Tractors blockade Brussels EU HQ over falling food prices

European Commission announces new aid package to alleviate difficulties in farming sector.

By William Louch

07 Sep 2015

Several thousand farmers and their tractors have descended on the EU district in Brussels today in protest over what farmers' leaders are calling a "drastic EU agriculture situation".

Concerned about a dramatic fall in prices across the agri-food sector, the dairy, pork, fruit and vegetable and beef producers vowed to bring the area surrounding the EU Council headquarters to a standstill.

The attempted blockade involved around 2000 tractors and was timed to coincide with an extraordinary meeting of EU agriculture ministers today in Brussels, aimed at finding solutions to the difficult market conditions many European farmers are currently facing.


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Organisers, EU farming and agri lobby association, Copa-Cogeca, said the protest would seek to "underline the unprecedented situation [of Europe's farmers]" and to "demand action."

The crisis in the agriculture industry, which has seen food prices plummet, stems from the combined factors of a Russian import ban, supply chain problems and the recent sudden weakening of the Chinese import market.

Milk producers have been particularly affected, seeing a 25 per cent fall in wholesale prices over the last 12 months. As a result, most dairy farmers in Europe are now producing milk at a loss.

Russian sanctions, described by Brussels as 'illegal and unjustified', have hit farmers particularly hard. Russia is the second biggest market for agri-food exports after the US, with exports worth around €11-12bn a year.

In July, the European Commission responded to Moscow's action, promising a multi-million-euro aid package to help those farmers exporting to Russia.

However, farmers unions say the Commission's response doesn't go far enough, with Copa-Cogeca welcoming it as, "a step forward in the actions taken so far by the EU Commission to help alleviate the situation, but it is nowhere enough to compensate producers for their losses."

"Producers are victims of international politics. The Commission, ministers and MEPs must act."

Parliament has also reiterated the need for further support from the Commission.

Mairead McGuinness, a member of the European Parliament's agriculture and rural development committee, told this website that, "today's protest by EU farmers is the culmination of a summer of difficult market conditions for producers due to the ban on EU food imports into Russia, weak demand from China, resultant imbalances and increased production costs."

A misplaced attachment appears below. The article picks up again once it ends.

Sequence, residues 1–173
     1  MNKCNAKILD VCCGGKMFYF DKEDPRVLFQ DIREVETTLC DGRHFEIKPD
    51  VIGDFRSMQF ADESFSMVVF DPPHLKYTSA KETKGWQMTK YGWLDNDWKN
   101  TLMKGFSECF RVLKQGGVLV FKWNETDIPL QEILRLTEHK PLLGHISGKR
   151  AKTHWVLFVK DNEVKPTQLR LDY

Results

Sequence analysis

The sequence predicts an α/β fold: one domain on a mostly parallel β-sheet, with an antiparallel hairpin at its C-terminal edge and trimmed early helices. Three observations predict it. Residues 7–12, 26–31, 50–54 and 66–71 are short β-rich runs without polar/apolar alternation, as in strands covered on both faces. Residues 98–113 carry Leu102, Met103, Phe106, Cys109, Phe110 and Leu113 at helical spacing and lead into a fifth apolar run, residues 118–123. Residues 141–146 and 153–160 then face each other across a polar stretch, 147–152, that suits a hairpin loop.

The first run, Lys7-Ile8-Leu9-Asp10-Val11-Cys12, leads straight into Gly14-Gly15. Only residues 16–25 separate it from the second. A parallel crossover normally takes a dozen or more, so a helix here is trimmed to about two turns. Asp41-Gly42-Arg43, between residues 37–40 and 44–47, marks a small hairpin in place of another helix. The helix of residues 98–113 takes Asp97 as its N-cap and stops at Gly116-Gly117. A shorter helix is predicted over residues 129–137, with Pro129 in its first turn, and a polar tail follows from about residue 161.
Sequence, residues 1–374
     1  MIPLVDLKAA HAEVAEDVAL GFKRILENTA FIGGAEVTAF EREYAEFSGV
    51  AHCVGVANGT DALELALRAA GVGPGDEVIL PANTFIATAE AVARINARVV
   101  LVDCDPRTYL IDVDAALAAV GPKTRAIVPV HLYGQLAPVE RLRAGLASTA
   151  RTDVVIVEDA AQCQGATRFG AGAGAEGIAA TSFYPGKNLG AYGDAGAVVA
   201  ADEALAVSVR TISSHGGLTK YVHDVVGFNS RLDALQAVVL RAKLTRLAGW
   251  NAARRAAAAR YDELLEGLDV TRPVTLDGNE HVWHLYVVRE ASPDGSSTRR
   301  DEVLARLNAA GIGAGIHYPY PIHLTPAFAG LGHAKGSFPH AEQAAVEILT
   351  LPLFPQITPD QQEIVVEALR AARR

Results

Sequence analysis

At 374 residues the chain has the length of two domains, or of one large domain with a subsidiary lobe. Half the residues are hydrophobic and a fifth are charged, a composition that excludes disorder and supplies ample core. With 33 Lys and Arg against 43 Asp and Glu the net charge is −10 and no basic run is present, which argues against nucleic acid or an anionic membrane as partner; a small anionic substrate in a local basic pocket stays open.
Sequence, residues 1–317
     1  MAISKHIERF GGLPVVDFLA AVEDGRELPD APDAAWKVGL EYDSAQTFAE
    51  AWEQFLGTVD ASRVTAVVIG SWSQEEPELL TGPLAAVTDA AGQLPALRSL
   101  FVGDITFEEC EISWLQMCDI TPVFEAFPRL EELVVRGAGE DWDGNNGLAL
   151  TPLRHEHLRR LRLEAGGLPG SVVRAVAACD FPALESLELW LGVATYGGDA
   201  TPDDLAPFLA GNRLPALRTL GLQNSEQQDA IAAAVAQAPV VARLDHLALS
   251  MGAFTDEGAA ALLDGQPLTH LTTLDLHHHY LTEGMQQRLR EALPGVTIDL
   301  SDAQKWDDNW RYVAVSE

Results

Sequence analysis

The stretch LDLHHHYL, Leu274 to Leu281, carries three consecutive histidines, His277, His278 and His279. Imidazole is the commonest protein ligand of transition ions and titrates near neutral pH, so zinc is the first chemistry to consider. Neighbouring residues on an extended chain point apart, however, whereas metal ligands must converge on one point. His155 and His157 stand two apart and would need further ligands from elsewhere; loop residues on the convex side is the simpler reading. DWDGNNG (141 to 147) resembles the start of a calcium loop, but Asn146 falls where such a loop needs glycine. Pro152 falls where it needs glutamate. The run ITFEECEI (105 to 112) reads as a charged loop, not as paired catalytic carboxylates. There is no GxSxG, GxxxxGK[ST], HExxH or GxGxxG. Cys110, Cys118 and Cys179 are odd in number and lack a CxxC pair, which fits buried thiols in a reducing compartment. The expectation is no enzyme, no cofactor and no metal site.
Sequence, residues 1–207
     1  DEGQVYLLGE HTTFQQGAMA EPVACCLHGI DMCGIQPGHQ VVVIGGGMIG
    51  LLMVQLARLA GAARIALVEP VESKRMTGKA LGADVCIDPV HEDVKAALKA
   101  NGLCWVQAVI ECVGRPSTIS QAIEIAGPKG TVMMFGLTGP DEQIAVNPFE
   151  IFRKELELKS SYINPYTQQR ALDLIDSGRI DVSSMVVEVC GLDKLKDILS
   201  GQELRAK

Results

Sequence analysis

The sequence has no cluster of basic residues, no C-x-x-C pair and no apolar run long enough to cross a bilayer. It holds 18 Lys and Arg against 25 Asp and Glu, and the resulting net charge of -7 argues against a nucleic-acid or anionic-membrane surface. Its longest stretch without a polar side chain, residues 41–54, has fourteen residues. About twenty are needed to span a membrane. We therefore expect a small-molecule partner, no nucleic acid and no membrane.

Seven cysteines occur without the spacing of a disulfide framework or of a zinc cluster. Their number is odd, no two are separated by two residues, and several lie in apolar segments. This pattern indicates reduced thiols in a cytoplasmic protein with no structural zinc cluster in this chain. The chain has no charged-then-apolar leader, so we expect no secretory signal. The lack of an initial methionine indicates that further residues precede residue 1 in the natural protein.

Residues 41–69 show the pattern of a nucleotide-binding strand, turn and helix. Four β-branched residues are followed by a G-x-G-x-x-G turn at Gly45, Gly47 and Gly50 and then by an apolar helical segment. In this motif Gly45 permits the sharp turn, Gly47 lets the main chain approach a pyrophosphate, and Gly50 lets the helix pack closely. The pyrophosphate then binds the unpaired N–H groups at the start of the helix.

"Farmers should not be asked to carry the costs of this."

Albert Deβ, European People's Party group spokesperson on agriculture, supported McGuiness, saying, "The current situation illustrates again that the existing security tools such as public intervention and private storage are not sufficient enough. We urgently need new instruments on crisis measures."

Diane Dodds, an unattached MEP, also voiced her support for the demonstrations, underlining, "I agree with the need for demonstrations on a number of levels because they do raise public and political awareness, which in many cases helps deliver action."

"On a practical level, it also allows farmers from across Europe to understand they are not going through this financial and mental stress on their own."

The Commission issued a swift response to the protests, with Daniel Rosario, Commission spokesperson for agriculture and rural development, announcing that, "the Commission is well aware of the difficult situation faced by producers."

"And in response to recent market developments, [the Commission] is proposing a comprehensive package of measures which we believe are the most appropriate and which will have the greatest effect in supporting producers."

Rosario added that today's package of measures would specifically target "cash-flow difficulties farmers are facing, help stabilise markets and address the functioning of the supply chain."

 

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